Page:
The next church was only about 15 miles away and I was very excited to do less driving and more photography. Take a left and head off…but the pavement soon turned to compacted gravel, which migrated to small-rock-gravel, which deteriorated to large-rock gravel. I passed a few horse-drawn carts full of roma as I dutifully followed into the hills..within minutes I realized that the rental car was no match for this “road” and doubled back. Returning to the pavement, I pulled over and tried to reroute, and uncovered a flaw in the universe…you can’t reroute. Apparently the parameters are set to “drive a road, or not” and once the app maps you an efficient route, there’s no debate: you  WILL pass horse-carts full of gypsies, ford streams and chase cows to reach your destination. Here is where a real map, with circles and black and red lines would have come in handy…I had bet on technology and lost.

So I chose another monastery, hoping to come at the missing one from another direction. Thankfully the road remained paved and horse-cart free. And so the day was spent. You pay admission to each, and a hefty $2.50 fee to use your camera (outside only) but the monasteries were great. In the end, I saw five of the seven and called it good. By the end of the day I was over 100 kilometers from that first missed monastery and my “need”  to complete the set, and see them all, had vanished.

I had plans to take it slow, and spend two days out among the monasteries, but I had had my fill. A little more mapping showed that if I drove on, only another three hours, I could gain a day on my itinerary and perhaps find a town more conducive to staying around…So I pushed on, and stayed at “Hotel Opel” once I got close to Cluj-Napoca.

For the voracious readers of my blog, I won’t reiterate the adventure of the “Salty Turd” but it’s the previous post, so get curious.

Cluj-Napoca, or just Cluj, is a big city on the western side of the country. Beside the afore-mentioned salt mine, there is a big university here and a massive soccer stadium that hosts concerts. I stayed a night in a decent hostel, but there was some electronic dance music festival (EDM, apparently) out in the farmland west of town, so all my fellow residents were dancing all night and sleeping all day. I walked around town a bit and then did the only other thing I could come up with; I hit the mall. Time to see how folks in bigger cities spent their free time and money.

The city-center mall was full of American and European brands, and a decent food court. While eating my way thru a plate of goulash at “Gladiator” I saw the movie theater and I was surprised that they didn’t dub the American movies into Romanian, just added subtitles. And with this, a plan was hatched.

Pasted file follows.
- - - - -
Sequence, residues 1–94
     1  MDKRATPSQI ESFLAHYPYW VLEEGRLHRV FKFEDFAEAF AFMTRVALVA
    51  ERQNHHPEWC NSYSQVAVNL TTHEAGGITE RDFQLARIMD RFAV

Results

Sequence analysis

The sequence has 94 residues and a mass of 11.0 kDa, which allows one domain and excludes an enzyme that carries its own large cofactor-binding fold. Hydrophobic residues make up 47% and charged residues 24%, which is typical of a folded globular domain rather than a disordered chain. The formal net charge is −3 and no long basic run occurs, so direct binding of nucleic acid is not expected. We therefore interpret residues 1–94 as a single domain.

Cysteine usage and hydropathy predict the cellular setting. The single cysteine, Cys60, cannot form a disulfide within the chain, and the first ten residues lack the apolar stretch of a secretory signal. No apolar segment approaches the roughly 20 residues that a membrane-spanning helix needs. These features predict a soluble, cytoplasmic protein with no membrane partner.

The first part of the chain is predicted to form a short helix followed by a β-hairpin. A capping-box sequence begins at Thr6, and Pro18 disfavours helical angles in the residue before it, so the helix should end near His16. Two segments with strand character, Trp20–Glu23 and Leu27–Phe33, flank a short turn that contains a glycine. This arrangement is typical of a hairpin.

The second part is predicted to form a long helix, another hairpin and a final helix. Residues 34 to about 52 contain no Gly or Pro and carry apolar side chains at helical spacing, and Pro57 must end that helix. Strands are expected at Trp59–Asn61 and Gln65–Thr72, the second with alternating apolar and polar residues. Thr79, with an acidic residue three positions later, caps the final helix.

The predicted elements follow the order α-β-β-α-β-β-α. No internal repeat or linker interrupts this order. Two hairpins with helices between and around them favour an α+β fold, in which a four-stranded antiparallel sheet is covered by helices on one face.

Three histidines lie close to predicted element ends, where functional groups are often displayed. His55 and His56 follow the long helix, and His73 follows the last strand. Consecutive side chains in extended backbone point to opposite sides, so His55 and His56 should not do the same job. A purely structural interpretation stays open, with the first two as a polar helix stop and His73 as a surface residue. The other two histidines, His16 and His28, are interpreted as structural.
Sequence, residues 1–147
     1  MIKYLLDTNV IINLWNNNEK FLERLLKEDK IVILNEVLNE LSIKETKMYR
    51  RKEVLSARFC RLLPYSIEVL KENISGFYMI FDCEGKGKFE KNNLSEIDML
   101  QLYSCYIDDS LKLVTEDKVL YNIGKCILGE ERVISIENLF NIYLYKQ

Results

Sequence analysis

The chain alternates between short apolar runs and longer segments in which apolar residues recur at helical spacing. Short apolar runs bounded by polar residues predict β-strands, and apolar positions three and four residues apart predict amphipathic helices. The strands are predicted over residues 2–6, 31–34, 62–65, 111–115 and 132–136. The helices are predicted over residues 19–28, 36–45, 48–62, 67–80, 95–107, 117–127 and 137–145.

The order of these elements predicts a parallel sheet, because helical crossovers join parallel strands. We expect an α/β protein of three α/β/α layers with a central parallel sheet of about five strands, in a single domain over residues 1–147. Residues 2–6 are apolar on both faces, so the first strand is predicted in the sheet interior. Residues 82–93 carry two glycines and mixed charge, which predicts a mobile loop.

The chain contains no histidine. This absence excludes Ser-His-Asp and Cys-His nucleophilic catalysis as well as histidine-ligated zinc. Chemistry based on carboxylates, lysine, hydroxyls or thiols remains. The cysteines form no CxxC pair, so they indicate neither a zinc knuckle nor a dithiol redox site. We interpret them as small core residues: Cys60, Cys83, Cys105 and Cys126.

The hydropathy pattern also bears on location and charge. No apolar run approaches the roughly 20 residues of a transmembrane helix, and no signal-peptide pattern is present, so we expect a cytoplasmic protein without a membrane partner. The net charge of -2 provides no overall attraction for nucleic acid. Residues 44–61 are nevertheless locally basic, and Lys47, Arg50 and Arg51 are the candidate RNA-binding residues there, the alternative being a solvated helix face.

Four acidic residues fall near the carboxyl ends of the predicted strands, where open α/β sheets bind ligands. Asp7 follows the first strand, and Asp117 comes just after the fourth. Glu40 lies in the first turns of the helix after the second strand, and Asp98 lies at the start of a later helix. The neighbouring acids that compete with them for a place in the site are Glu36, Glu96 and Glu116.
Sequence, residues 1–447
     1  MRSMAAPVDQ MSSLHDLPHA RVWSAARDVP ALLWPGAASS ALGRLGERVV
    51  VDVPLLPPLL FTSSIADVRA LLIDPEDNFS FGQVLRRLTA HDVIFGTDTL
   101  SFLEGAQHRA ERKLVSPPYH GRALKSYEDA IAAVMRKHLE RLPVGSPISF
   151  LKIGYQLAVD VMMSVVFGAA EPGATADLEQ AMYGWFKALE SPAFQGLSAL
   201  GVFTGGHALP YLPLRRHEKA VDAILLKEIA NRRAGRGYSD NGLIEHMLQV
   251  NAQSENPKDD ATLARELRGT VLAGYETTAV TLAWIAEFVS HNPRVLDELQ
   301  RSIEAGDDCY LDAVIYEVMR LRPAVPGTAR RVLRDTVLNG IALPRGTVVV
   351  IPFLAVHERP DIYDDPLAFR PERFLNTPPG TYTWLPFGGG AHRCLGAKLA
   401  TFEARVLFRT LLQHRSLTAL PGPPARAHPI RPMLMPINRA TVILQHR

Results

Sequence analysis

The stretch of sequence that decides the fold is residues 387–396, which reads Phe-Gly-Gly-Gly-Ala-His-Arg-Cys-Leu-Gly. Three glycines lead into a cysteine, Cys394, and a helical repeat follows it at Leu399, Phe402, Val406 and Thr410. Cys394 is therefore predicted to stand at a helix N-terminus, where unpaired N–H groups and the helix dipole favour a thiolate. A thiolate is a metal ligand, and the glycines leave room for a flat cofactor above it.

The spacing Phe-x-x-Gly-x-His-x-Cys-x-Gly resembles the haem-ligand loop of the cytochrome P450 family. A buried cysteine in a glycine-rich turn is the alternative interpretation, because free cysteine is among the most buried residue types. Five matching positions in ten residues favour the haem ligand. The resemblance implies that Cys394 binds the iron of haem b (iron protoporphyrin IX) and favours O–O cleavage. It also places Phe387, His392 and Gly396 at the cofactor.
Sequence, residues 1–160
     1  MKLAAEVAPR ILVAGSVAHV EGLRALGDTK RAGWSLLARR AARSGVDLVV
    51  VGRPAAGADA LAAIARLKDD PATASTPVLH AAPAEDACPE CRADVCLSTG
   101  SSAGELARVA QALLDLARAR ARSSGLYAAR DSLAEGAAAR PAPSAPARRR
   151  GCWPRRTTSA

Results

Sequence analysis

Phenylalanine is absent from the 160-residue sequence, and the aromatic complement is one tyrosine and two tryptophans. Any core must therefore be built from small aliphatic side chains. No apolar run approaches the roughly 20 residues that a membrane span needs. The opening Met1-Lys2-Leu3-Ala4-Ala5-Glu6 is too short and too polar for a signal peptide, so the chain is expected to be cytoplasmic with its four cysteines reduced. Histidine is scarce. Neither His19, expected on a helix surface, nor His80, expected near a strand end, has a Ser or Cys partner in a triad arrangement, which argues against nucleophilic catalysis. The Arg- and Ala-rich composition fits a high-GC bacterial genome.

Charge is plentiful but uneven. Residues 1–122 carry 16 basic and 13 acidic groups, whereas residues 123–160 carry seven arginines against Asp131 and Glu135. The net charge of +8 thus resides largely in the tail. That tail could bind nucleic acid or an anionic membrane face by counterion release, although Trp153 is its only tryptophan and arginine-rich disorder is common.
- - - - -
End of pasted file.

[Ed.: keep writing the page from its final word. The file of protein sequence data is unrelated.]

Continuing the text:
Leaving Cluj after only a day, I still had a “free day” card to spend, and more time…so I continued west to a place called “Timisoara” (timi-shawara). This was a great place, and I used my “free day” here. There was a “house zoo” here where they moved ancient houses from all over Romania into an open field close to town. The hostel, “Costal Hostel” was a massive single-family home, once the residence of a famous ballerina during the 1920’s. There was a great outdoor “hang” space with plenty of fruit trees to provide shade. I met some locals who plied me with some local fermentation product that had a little red pepper in it…sure they dared me, but I probably would have eaten the pepper anyway..I would NOT recommend this to my younger or more sensitive readers.

There were plenty of “hand-grenades” and large jugs of beer shared. A local “meat palace” was visited and “Timi” had a glorious main square with ancient, and not so ancient buildings to roam.

From Timisoara, it was on to Colvin Castle, as I moved from the west, into Transylvania, home of all things hilly and castle-like. Colvin was my “first” and now, looking back, my best castle. When you think of castles, you think of moats, drawbridges, sentry posts, and all of this perched on a hilltop…Colvin had all of this…and some pretty cool windows that let in some pretty cool light.

After Colvin, it was on to Sibiu, a short drive away. Here I had a hostel room above a coffee/beer bar right in town, with all the cobblestone paths and crusty old decaying buildings…it was great. I walked around for a few hours, then settled in for a coffee while planning out my next stop. It was probably during my second sip of surprisingly decent coffee that I searched “Sibiu, things to do” that “it” appeared; The Transfargaran. A massively windy road taking you up and over the second highest mountain in Romania.

Insert Trans picture